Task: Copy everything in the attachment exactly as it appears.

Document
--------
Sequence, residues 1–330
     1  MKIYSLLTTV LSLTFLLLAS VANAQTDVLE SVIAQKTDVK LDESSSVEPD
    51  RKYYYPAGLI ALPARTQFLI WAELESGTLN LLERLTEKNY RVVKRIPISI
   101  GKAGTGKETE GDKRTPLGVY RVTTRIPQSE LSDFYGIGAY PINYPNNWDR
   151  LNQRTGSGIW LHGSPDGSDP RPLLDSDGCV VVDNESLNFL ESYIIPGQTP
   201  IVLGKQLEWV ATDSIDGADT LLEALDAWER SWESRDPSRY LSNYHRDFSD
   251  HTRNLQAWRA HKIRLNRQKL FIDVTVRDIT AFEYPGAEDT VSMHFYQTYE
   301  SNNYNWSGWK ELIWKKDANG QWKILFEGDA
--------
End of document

Sequence, residues 1–330
     1  MKIYSLLTTV LSLTFLLLAS VANAQTDVLE SVIAQKTDVK LDESSSVEPD
    51  RKYYYPAGLI ALPARTQFLI WAELESGTLN LLERLTEKNY RVVKRIPISI
   101  GKAGTGKETE GDKRTPLGVY RVTTRIPQSE LSDFYGIGAY PINYPNNWDR
   151  LNQRTGSGIW LHGSPDGSDP RPLLDSDGCV VVDNESLNFL ESYIIPGQTP
   201  IVLGKQLEWV ATDSIDGADT LLEALDAWER SWESRDPSRY LSNYHRDFSD
   251  HTRNLQAWRA HKIRLNRQKL FIDVTVRDIT AFEYPGAEDT VSMHFYQTYE
   301  SNNYNWSGWK ELIWKKDANG QWKILFEGDA